Slate gives a platform to apologists for the latest push to give copyright protection to (clothing) designs: Protecting fashion designers from copycats
Currently, both the knockoff and the inspired-by approaches to fashion are entirely legal. U.S. copyright law considers items of apparel “useful articles,” which are not legally protected the way books, music, and movies are. But all this could change if Diane von Furstenberg and the Council of Fashion Designers of America get their way. During the last session of Congress, a House committee heard testimony on legislation that would treat fashion design like other protected areas of intellectual property, protecting original designs against copies that are “substantially similar”—the ordinary standard for other kinds of creative works protected by copyright. Last time around, the fashion design bill didnt pass. But its supporters are now bringing before Congress a new and improved version, and it stands a better chance.
[…] [T]his doesn’t mean that fashion designs are completely unsuited to copyright protection. The solution, practically speaking, is to enable the inspired-bys to keep at it while shooing away the knockoffs, which are the ones that reduce the incentives of fashion designers at all levels to come up with new designs. Some people will buy a new Jason Wu design. But if essentially the same dress is soon available at a fraction of the price, some will go for the knockoff, especially when cash gets tight, or simply decide not to buy the design at all, because the knockoff has made the design seem less distinctive.
Copyright for useful articles — one more way to stifle through “protection” – ‘cuz, of course, as we all know, hardly *anyone* is developing new designs because of the threat of these copycats. Why, we have to create innovative programs in order to get people to enter the field!
There may be better arguments in their Stanford Law Review paper: The Law, Culture, and Economics of Fashion
Software ecosystem or walled garden? Unofficial Software Incurs Apple’s Wrath (pdf)
[F]or some owners of the Apple touch-screen device, the 35,000-plus applications lining the digital shelves of Apple’s App Store are not enough. If you want to use your iPhone as a video camera, send a photo message or hook it up to your laptop to connect to the Internet, there’s no app for that.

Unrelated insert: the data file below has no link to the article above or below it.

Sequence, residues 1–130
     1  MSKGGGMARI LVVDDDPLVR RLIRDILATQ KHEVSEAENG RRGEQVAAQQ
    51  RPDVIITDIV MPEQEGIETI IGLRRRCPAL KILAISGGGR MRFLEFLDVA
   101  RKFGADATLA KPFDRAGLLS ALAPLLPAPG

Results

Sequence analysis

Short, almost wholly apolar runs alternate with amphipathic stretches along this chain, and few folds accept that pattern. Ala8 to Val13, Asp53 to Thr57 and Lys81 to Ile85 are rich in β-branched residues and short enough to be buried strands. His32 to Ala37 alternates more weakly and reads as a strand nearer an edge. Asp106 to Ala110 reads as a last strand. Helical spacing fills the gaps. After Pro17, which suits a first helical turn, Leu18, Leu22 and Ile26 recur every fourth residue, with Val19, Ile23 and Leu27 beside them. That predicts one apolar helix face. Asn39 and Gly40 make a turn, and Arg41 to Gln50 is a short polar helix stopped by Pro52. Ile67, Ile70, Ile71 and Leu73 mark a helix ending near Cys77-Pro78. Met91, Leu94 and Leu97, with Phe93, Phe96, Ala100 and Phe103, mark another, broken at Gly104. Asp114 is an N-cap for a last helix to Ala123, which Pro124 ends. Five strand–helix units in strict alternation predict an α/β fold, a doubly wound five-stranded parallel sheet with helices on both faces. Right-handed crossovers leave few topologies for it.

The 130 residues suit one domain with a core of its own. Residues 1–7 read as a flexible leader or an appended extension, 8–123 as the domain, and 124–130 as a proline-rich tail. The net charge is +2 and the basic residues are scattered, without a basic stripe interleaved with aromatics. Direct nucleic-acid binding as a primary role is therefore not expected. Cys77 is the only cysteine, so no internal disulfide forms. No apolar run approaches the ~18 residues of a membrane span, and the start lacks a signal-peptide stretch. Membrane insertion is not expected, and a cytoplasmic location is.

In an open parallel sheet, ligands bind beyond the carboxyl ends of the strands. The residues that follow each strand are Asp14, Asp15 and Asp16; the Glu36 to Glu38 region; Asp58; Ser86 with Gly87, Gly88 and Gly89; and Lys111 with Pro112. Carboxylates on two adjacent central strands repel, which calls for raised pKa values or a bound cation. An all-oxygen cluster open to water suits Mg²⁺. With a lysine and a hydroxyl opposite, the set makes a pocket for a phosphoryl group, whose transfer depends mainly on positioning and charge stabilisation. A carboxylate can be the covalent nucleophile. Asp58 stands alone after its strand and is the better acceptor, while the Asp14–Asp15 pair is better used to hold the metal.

Or at least, no official app.
Through the efforts of developers and hobbyists, the Web is teeming with unauthorized applications for the iPhone and the iPod Touch (which does everything that the iPhone does except make phone calls and incur a monthly bill from AT&T), and there are even some independent online application stores.
However, in order to use these programs, iPhone owners have to “jailbreak” their device — downloading a bit of software that bypasses Apple’s restrictions and allows the installation of unsanctioned third-party programs.
The growing popularity of jailbreaking has set up a legal battle between Apple, which says it has the right to regulate what can go on an iPhone, and the users and developers who want to customize their phones as they see fit.
Jailbreaking is different from unlocking an iPhone, in which users modify the software so the phone can be used on unauthorized wireless carriers. For some iPhone hobbyists, like Mark Janke, jailbreaking is akin to customizing a fancy car — it simply allows owners to personalize the look of their devices, turning their phones into a brag-worthy accessory and status symbol.
[…] But according to Apple, jailbreaking is illegal and a breach of the Digital Millennium Copyright Act. “These modifications not only violate the warranty, they also cause the iPhone to become unstable and not work reliably,” said Natalie Kerris, a spokeswoman for Apple.
In a legal filing [local copy] with the United States Copyright Office last year, Apple says jailbroken iPhones rely on modified versions of Apple’s operating software that infringe on its copyrights.